X-ray diffraction algorithm solves Sudoku puzzles
29 March 2006
Cornell physicist Veit Elser and colleagues have discovered an algorithm
critical for X-ray diffraction microscopy that gives researchers a new tool
for imaging the tiniest and most delicate of biological specimens. They
discovered that the same algorithm also solves the internationally popular
numbers puzzle Sudoku — not just one puzzle, all of them.
|A Sudoku puzzle designed by Elser's
difference map algorithm. The challenge is to fill in the
missing cells of the table with letters A-Y so that there are no
duplicates in any row, column or five-by-five block (outlined in
The Sudoku discovery appeals to Elser's whimsical side. But the
algorithm, he notes, has potential for all kinds of other applications.
"There are a lot of problems that you can represent in terms of this
language," he says. The so-called difference-map algorithm, which Elser says
could have applications from productivity optimization to nanofabrication,
tackles problems for which the solution must meet two independent
constraints. In the case of Sudoku, the constraints are simple: Each of nine
numbers, considered alone, appears nine times in the grid so that there is
only one per row and column. And all nine numbers appear within each of the
In X-ray diffraction microscopy, the constraints are more complex. But
the beauty of the algorithm, as Elser demonstrates, is that complexity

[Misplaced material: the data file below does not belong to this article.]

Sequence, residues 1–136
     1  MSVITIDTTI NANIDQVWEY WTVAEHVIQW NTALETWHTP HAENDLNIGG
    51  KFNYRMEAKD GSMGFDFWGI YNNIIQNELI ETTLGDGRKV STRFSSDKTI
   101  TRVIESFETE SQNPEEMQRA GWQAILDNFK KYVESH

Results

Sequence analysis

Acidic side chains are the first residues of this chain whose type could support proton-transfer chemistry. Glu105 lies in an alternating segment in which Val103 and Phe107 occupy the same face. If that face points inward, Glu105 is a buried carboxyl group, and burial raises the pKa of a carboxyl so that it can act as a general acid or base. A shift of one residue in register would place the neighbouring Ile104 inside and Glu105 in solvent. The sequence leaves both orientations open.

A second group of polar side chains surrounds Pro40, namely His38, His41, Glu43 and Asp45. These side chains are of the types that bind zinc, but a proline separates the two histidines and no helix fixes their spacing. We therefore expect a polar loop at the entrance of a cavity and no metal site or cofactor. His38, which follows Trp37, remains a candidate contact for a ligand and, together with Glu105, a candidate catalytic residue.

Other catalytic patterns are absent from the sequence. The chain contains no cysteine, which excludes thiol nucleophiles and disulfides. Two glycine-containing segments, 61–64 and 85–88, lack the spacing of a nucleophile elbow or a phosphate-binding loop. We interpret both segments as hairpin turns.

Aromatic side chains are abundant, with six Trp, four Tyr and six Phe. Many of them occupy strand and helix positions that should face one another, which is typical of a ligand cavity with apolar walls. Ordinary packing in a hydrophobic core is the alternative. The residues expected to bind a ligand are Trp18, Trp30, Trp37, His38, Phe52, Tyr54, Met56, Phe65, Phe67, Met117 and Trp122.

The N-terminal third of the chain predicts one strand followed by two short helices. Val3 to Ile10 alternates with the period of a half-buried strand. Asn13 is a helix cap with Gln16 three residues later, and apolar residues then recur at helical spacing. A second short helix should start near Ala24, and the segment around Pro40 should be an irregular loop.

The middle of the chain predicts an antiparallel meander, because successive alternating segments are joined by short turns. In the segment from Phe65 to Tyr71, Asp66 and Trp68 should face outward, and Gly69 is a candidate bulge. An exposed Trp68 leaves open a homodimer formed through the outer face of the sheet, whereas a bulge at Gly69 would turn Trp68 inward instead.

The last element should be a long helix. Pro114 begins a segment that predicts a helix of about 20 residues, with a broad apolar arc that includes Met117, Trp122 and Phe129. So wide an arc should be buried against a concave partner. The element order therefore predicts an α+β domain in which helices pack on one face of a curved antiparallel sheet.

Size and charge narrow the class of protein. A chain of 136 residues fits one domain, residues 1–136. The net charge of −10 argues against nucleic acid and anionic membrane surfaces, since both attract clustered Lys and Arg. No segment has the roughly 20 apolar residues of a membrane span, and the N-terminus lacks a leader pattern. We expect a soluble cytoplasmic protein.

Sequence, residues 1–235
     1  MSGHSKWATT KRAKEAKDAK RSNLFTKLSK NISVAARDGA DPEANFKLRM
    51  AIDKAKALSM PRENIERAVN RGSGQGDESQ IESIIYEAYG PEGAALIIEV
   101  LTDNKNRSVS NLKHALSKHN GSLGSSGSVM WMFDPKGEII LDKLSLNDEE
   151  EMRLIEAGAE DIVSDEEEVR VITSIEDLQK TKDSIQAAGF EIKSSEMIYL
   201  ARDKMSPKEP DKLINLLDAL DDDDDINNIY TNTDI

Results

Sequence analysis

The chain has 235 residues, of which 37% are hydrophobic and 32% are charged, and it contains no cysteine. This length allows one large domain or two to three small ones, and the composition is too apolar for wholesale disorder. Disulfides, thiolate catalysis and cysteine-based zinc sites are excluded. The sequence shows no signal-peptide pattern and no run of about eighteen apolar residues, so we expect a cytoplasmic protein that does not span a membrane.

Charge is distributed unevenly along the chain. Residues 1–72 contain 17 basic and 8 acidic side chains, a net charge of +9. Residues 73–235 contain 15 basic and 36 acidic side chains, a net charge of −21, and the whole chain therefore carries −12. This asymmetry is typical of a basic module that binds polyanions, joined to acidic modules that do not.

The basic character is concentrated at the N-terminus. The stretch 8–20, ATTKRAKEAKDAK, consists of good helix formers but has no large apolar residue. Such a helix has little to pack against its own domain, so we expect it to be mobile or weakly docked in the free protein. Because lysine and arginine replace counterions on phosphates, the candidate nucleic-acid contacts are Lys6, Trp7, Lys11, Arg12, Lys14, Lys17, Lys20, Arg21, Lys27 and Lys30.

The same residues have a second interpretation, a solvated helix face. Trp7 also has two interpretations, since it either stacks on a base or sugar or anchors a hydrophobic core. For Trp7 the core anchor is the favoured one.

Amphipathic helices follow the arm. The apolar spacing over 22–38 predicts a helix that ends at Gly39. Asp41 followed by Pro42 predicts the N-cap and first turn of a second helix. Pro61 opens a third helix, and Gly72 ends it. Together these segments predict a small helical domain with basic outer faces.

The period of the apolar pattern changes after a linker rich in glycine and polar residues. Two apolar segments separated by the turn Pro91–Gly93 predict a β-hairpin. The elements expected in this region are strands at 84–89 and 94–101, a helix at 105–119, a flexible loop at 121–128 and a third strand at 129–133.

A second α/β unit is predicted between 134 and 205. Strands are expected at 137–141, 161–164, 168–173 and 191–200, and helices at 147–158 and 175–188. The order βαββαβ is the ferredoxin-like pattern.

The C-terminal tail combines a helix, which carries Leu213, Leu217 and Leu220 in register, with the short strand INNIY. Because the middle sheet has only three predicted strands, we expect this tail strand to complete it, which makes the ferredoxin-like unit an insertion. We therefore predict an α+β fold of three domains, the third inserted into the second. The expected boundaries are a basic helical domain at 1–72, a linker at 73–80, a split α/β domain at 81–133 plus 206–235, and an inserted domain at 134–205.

doesn't matter. By applying the algorithm to the jumble of raw data from
such an experiment, researchers can now reconstruct from it a clear,
The result, shown in images published with a recent article in the
Proceedings of the National Academy of Sciences (PNAS) with lead author
David Shapiro of the State University of New York at Stony Brook and other
colleagues, is a richly detailed image of a specimen as small as a single
yeast cell — taken without staining, sectioning or otherwise damaging the
Unlike optical microscopes, which use a lens to focus light on a target
(and are therefore only useful for specimens larger than the wavelength of
visible light), imaging methods based on X-rays and electrons take advantage
of the finer wavelengths provided by these forms of illumination.
But some of these methods can damage the specimen with harmful radiation,
require that a specimen be stained or otherwise altered or lack the
penetrating power necessary for three-dimensional reconstructions. X-ray
diffraction microscopy, which uses "soft" X-rays and measures the resulting
diffraction pattern, is often the method of choice because it gives a
detail-rich image and leaves the specimen relatively unscathed.
The tricky part comes in using the diffraction pattern to reconstruct an
image of the specimen. Instead of directly measuring the pixel-by-pixel
contrast within the specimen, researchers are left with data that represents
the object broken down into its constituent waves: a vast number of them, of
different frequencies and amplitudes, waiting to be added up in a process
called a Fourier synthesis to reconstruct the image.
"But if it were just combining waves with a definite oscillation and
adding them up, that would be a piece of cake for a computer to do," says
The challenge is in the waves' phases, which are critical in
reconstructing an image from the diffraction data. Without attention to that
piece of the puzzle, the resulting image is reduced to noise.
"People used to say that's an impossible problem," Elser says. "Then
people got to thinking about the fact that there are going to be constraints
coming from some rather mundane facts — that in principle will make the
problem of deducing the phase like the solution of a solvable puzzle."